The price of gold dropped last week and stock markets continued to rally. One of the driving factors was optimism that the trade war may be close to its end. As a CNBC report put it, “investors opted for riskier assets on hopes of a thaw in a trade dispute between the United States and China.”
But should the markets really be rallying on this trade deal? Is it going to be a great boon to the US economy? Peter Schiff doesn’t think so. He recently appeared on RT to talk it.
Peter said the Trump administration has been talking about all the progress that’s being made with these negotiations for so long that you would think that it has already been built into the market.
“In fact, the market already expects a trade deal – a good trade deal. I think that is a dangerous position for the US because it puts Trump in a position where he really has to deliver. Otherwise, the markets are going to be very disappointed. And so, it’s kind of like he’s lost some of his bargaining edge given that he’s raised expectations so high for a deal. I’m surprised the market even rallies on these rumors anymore. I expect the market to sell off once we get a deal.”
The Chinese central bank has reportedly agreed to disclose when it will buy and sell foreign currency to address the accusation that it is a currency manipulator. Peter said he doesn’t think the Chinese are manipulating its currency down any longer. Although it was at one time, that was to its own detriment. Artificially suppressing the yuan propped up the dollar.
“That enabled Americans to live beyond their means, to buy more goods than we can afford, and it made it easier for us to borrow money. So, I think the future for the Chinese currency is higher, and that is going to be a benefit for China. It’s not going to be a benefit for the United States. So, to the extent that we win concessions from China about not suppressing the value of their currency, that does not help America. That helps China.”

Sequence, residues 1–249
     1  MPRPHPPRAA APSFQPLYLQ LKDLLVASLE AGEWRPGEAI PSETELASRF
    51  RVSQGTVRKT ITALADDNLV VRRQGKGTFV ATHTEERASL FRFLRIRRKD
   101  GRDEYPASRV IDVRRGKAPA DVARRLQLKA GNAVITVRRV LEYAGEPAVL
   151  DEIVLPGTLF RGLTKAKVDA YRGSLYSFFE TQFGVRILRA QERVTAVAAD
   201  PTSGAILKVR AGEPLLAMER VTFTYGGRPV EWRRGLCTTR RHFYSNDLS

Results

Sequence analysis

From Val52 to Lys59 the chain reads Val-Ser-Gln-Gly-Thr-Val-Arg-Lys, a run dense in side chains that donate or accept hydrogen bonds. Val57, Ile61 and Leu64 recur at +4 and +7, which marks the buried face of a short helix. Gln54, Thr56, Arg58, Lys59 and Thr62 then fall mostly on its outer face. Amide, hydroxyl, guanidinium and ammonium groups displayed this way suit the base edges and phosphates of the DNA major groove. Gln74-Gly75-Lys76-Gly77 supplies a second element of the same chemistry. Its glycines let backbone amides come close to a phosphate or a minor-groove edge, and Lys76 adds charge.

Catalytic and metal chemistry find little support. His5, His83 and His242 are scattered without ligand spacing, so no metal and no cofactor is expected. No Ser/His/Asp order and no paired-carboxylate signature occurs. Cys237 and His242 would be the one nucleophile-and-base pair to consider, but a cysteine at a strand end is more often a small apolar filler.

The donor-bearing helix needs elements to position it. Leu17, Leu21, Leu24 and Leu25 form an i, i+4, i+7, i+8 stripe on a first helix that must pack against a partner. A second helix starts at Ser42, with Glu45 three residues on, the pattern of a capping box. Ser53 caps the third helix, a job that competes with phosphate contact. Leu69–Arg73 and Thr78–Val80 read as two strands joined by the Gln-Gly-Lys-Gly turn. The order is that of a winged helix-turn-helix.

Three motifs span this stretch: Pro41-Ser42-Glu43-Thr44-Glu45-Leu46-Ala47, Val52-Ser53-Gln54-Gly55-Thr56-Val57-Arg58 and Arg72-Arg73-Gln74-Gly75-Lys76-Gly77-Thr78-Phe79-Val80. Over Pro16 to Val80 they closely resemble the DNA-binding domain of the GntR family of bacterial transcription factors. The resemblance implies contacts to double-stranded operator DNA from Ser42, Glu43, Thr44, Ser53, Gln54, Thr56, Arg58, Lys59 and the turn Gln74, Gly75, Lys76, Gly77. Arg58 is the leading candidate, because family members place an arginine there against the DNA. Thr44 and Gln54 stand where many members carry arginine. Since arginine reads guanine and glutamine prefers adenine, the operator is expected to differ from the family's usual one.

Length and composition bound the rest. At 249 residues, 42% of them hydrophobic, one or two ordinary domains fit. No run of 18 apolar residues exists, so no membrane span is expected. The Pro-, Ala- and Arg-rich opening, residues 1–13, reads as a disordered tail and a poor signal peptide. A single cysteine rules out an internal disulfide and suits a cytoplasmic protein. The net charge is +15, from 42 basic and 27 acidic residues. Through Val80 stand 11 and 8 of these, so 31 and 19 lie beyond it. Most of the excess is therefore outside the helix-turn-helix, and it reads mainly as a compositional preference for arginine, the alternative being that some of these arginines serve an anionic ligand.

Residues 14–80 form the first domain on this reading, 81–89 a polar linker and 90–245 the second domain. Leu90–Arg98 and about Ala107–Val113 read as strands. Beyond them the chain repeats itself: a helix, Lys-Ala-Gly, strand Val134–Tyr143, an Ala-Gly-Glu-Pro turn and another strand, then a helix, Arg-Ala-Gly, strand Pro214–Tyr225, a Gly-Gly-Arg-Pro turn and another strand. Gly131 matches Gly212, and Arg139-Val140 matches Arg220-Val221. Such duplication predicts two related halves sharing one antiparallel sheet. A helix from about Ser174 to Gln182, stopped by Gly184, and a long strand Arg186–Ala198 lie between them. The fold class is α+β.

China will also reportedly agreed to buy more US products. Peter said that’s not really a great victory either because it was already planning to buy more agricultural products and raw material anyway as its economy grows.
And more fundamentally, how can China really guarantee some level of imports?
“The Chinese government doesn’t dictate to Chinese consumers or Chinese businesses the products they need to buy. The Chinese government can’t force the Chinese to buy American products. So, I don’t see how they can really deliver on any commitment. But to the extent that they buy our products, they were going to buy those products anyway.”
Peter said the real problem is the nature of the products that we’re trading.
“The Chinese buy things that we grow and dig out of the ground, whereas we buy manufactured, finished consumer goods. That is not a good trade relationship.”
Peter said ultimately, the constant news about trade negotiations – the rumors and speculation – is much ado about nothing. There is going to be a trade deal because President Trump can’t afford not to have a trade deal. He also can’t afford to leave the tariffs on American consumers.
“Moving the tariffs up from 10% to 25% would be a disaster … We could already be on the verge of a recession. So, I don’t think the president wants to compound the problems by raising taxes on American consumers. So, he’s in a position where he has to have a deal, no matter what. So, we’re going to have a deal. But I don’t think it’s going to be any more significant than the USMCA, which was simply a rebranding of NAFTA. Nothing was accomplished, but the president claimed it was the greatest deal ever. I think he’s going to make the same boast about this deal, whatever the deal is, even if it accomplishes nothing, Trump is going to claim it’s the greatest deal that’s ever been negotiated in the history of deals.”